On July 2, 1890, President Benjamin Harrison signed into law the Sherman Anti Trust Act. The proponent of the law and the man it was named after was Senator John Sherman, a Republican from Ohio.
In the years following the Civil War and during the period that has become known as the Gilded Age, many American businesses grew, and grew so big that in some cases, one or two dominated their industry. This was particularly true of the railroads and banks, but also came to apply to lumber, sugar, petroleum, and others. Newspapers and some government officials used words like combinations and trusts, and felt they were not good for American capitalism, as well as having other deleterious effects.
Senator Sherman had once been a member of Congress from Ohio's 13th district before becoming Senator in 1861. He had a real interest in financial issues and had at one point been on the Committee on Ways and Means where he worked with his colleague Justin Smith Morrill on the Morrill Tariff. After he was elected to the Senate, he sat on the Finance Committee and as such, was part of the currency discussions of the post-Civil War years. He served as the 32nd United States Secretary of the Treasury under President Rutherford B. Hays from 1877-1881, but returned to the Senate in 1881. After he returned to the Senate, he went back on the Finance Committee and was witness to the changes coming to the country. Railroads were dominating in the country and Wall Street, and when the Interstate Commerce Act of 1887, a bill to establish regulation of the railroads came up for a vote, Sherman voted Yes. Along with the growth of the railroads, other business in other industries were growing in size and power and this growth made many, including Sherman, wary. His solution was what became the Sherman Anti-Trust Act.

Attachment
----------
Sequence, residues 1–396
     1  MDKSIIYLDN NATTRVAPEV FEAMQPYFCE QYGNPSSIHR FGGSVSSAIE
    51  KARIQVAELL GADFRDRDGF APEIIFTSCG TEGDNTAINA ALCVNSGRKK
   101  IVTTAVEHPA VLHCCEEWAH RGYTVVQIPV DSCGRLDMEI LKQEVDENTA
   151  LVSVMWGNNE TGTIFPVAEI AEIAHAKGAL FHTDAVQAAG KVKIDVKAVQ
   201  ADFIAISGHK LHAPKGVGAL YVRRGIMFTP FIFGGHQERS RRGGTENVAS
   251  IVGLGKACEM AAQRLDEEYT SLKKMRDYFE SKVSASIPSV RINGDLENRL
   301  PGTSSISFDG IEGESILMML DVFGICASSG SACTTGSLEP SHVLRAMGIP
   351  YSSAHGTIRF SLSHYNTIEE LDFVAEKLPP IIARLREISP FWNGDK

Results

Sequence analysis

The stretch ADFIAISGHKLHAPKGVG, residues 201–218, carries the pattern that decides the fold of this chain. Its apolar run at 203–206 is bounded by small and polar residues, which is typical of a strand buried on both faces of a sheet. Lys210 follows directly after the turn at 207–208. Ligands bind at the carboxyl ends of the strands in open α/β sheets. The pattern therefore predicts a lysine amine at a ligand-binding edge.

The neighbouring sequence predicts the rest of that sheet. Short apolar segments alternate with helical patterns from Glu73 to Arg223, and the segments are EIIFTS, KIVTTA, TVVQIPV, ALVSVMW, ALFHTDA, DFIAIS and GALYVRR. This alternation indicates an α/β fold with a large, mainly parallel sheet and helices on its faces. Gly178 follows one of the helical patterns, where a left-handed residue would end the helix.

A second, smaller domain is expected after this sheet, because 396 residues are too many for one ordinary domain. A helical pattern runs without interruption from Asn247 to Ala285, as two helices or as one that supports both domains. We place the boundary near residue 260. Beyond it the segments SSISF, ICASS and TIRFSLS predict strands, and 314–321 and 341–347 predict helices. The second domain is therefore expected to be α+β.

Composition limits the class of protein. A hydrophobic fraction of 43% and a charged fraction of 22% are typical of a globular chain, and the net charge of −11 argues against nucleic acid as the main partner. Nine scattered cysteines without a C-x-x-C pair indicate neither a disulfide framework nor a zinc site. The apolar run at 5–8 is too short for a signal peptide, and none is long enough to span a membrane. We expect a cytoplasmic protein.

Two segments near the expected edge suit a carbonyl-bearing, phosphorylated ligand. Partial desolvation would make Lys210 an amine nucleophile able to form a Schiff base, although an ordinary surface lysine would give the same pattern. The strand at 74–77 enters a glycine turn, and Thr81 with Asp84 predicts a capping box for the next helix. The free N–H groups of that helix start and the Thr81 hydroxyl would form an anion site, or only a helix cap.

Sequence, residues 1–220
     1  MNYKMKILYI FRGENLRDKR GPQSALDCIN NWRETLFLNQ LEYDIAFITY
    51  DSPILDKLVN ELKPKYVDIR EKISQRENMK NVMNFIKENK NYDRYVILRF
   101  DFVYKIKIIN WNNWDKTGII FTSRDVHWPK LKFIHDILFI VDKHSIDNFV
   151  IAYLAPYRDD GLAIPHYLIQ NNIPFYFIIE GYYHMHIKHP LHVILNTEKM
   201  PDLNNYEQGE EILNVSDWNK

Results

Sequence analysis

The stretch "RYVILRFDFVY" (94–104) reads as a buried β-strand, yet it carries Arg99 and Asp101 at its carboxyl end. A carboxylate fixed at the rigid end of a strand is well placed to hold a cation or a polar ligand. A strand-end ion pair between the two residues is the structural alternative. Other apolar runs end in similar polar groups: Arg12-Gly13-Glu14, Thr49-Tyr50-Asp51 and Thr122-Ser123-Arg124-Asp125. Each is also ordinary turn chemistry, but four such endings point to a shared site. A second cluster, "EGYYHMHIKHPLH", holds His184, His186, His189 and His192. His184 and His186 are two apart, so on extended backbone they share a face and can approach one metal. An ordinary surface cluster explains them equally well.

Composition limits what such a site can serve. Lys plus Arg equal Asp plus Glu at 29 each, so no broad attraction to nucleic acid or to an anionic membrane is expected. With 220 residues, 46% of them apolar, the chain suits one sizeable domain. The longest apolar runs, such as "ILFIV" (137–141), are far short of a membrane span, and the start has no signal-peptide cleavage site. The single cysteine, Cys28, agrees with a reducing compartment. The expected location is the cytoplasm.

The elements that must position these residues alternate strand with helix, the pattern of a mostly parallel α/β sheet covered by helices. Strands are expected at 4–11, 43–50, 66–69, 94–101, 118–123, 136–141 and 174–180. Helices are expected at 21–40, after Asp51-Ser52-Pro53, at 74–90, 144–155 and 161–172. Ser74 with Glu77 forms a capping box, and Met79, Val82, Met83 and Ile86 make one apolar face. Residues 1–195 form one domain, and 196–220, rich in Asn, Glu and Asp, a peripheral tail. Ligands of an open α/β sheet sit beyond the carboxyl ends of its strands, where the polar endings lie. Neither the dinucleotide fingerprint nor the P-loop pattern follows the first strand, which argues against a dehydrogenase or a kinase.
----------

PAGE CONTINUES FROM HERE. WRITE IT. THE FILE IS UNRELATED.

On March 21, 1890 he began by asking for the bill to be read and entered into the record.
If there is no further morning business, I move that the Senate proceed to the consideration of the bill (S. 1) to declare unlawful trusts and combinations in restraint of trade and production. It is really the unfinished business.1
The bill passed both houses of Congress with little dissent, and the president signed it into law. This was the first law passed to prohibit trusts. Section 1 says:
Every contract, combination in the form of trust or other-wise, or conspiracy, in restraint of trade or commerce among the several States, or with foreign nations, is hereby declared to be illegal.2
After this and other antitrust laws like the Clayton Act were passed, there have been major investigations and legal cases including two that are referenced often: the Industrial Commission in 1898 that investigated railroad pricing, and the Money Trust investigations of 1912 and 1913 (also known as the Pujo Committee) that investigated the banking sector. In the coming years and decades, there were other cases like ones involving American Sugar Refining Company and AT&T Corporation as well:
The issue of trusts was not settled with the passage of this law. Congress revisited the topic when they passed the Federal Trade Commission Act and Clayton Antitrust Act in 1914, and the Hart-Scott-Rodino Antitrust Improvements Act of 1976. Since then, the courts and Congress have continued to weigh in.
Included are a few titles related to some of the trusts that were at issue. The following titles link to fuller bibliographic information in the Library of Congress Online Catalog. Links to digital content are provided when available.
The following resources created and digitized by the Library of Congress can be used to find out more about the Sherman Antitrust act as well as the events of the day.
The links below are for content on the Library of Congress website or more generally on the internet.
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